Loco speed

Discussion in 'N / Z Scale Model Trains' started by bigcozzz, Nov 26, 2006.

  1. bigcozzz

    bigcozzz New Member

    A few years ago I started my first layout with atlas track and gave up
    in total frustration.I've now begun again with Kato track and am much
    happier.I'm at the very bottom of the learning curve but reading the
    posts in this and other forums has tought me a lot pretty quickly.Lot
    more to learn but I'm having a great time. A couple of Q's if I may:
    1. Why do some locos run slower than others?
    2. Why do some locos slow down when they cross the main
    line end of a turnout?
    3. The Kato powerpack only has one plugin to run the train;
    a.Do you use that 3 way extention cord to run
    additional feeder tracks?
    b. Where do you get the power to run lights,signals
    and other acceseries?
    As you can see, I don't know very much and any help you can give would
    be greatly appreciated.
  2. Collyn

    Collyn Member

    1 different motors, weight, quality and electrical pickups
    2 there is probably sort of a dead spot in the center of the turnout
    3 and I have never seen a kato power pack so I cant help there
  3. pgandw

    pgandw Active Member

    1. Different manufacturer's gear their locomotives very differently, and not all motors have the same 12 volt RPM, anyway. Smaller motors usually have a higher RPM at the same voltage, but less torque. Some manufacturers even gear their own locos differently, depending on the model. LifeLike is notorious for the latter.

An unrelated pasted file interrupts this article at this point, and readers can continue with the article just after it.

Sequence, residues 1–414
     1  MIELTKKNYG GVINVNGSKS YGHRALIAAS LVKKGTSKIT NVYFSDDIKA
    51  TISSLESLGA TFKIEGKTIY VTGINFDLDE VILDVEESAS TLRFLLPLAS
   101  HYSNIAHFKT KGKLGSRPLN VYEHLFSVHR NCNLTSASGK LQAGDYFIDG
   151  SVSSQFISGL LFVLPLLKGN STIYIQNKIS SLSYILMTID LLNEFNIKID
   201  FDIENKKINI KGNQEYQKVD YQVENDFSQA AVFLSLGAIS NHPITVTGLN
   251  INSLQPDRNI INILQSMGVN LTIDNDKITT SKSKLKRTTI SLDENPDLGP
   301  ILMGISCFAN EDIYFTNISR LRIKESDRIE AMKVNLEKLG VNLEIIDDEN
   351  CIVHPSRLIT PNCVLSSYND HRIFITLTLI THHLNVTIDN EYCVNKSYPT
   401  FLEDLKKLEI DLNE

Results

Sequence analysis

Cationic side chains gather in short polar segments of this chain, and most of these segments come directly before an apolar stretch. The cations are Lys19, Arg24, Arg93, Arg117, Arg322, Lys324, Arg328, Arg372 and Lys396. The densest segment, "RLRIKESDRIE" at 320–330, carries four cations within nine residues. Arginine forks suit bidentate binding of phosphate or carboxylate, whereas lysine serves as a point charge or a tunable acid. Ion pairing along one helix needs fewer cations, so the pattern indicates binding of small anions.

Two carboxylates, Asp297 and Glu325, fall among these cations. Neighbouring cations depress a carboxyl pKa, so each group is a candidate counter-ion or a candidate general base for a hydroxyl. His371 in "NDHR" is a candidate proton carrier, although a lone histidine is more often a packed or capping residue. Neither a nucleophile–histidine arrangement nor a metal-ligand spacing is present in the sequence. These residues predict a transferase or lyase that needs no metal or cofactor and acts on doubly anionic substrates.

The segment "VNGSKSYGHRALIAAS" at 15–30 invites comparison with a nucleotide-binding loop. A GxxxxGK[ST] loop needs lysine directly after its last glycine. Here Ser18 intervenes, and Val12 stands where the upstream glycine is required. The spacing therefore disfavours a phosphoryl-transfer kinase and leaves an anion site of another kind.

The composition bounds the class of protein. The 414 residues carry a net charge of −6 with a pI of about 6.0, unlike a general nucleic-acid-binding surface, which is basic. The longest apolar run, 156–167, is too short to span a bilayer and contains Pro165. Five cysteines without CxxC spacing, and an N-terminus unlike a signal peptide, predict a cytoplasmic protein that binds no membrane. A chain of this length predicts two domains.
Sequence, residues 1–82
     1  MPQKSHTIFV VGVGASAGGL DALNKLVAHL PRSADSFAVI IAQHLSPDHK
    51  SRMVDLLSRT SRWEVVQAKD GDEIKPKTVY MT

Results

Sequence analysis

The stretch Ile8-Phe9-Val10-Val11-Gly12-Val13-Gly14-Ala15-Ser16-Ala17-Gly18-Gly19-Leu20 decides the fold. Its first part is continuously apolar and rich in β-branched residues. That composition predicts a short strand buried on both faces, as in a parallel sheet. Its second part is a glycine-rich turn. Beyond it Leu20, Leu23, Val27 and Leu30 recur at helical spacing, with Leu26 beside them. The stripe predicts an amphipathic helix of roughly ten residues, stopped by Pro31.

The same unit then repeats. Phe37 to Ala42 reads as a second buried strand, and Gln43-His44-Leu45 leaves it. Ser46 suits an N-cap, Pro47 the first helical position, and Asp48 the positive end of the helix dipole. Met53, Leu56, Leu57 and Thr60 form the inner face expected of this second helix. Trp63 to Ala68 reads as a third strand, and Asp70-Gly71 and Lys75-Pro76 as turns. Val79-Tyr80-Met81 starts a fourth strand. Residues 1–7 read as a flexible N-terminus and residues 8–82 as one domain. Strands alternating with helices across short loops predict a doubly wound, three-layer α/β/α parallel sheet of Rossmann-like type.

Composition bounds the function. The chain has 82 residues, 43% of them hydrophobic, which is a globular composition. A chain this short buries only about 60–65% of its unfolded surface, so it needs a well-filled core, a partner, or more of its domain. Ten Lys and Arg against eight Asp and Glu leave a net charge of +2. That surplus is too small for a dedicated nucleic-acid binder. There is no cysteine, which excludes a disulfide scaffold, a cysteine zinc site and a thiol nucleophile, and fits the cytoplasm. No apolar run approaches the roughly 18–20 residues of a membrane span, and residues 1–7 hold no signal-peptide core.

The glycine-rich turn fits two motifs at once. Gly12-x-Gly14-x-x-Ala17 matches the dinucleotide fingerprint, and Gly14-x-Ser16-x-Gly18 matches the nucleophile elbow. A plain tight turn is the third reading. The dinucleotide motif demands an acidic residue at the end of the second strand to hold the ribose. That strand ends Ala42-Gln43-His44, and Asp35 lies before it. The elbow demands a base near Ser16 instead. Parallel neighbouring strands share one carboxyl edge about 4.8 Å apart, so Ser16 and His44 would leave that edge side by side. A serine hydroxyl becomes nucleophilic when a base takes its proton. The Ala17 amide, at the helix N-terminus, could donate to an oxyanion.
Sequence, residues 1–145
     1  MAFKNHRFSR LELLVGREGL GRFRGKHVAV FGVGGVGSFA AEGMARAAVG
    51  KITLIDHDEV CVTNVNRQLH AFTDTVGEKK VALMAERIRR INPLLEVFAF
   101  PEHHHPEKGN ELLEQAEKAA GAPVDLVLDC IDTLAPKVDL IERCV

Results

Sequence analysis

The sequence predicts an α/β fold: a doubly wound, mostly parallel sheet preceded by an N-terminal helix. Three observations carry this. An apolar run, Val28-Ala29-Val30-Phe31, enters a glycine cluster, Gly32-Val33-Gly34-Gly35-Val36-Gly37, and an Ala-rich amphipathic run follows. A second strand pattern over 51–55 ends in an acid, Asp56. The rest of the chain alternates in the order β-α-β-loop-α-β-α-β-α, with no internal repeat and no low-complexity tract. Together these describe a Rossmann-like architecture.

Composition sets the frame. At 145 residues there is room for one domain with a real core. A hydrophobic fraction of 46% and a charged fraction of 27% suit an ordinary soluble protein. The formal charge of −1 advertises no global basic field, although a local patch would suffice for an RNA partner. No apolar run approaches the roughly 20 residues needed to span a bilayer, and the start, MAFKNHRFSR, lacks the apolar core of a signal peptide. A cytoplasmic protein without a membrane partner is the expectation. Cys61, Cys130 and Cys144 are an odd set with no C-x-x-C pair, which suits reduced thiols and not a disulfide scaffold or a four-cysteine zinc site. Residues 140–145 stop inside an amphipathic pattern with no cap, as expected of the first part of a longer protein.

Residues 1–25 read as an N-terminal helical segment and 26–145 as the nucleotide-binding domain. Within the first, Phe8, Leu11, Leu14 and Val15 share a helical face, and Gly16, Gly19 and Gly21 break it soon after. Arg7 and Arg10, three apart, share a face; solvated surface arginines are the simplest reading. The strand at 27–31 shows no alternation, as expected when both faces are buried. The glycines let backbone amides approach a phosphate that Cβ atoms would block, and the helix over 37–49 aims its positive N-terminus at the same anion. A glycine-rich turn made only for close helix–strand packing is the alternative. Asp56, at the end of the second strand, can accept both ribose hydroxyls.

Prototype diesels were geared differently, too, depending on the intended service. A strictly passenger unit (think E unit) would have gearing allowing a top speed in the 90 MPH range. This gearing rendered it pretty much useless for drag freight, which requires low speed power. An F unit might be geared for a top speed of 60 MPH. I'm sure there are those who know a lot more about diesel gearing than I.

    On steam locootives, driver diameter tended to control top speed because it was difficult to balance smaller drivers at high speeds. If a steam loco was operated too fast, the resulting jolts every revolution destroyed the engine and the track. Typically, top operating speed was the driver diameter in inches. Fast, modern and large driver locos could go faster (up to just over 100 MPH for some 80" driver locos); switchers could not go nearly as fast as their 50" drivers would indicate.

    DCC allows one to reset the speed curves for a given engine by reprogramming the CVs. By adjusting the speed curves, you are really adjusting how much voltage the motor gets for a given throttle setting. This way, you can set up your engines to run together well in consists. With DC, the engines have to reasonable matched in speed to begin with.

    Hope this helps
  4. bigcozzz

    bigcozzz New Member

    Thanks guys.

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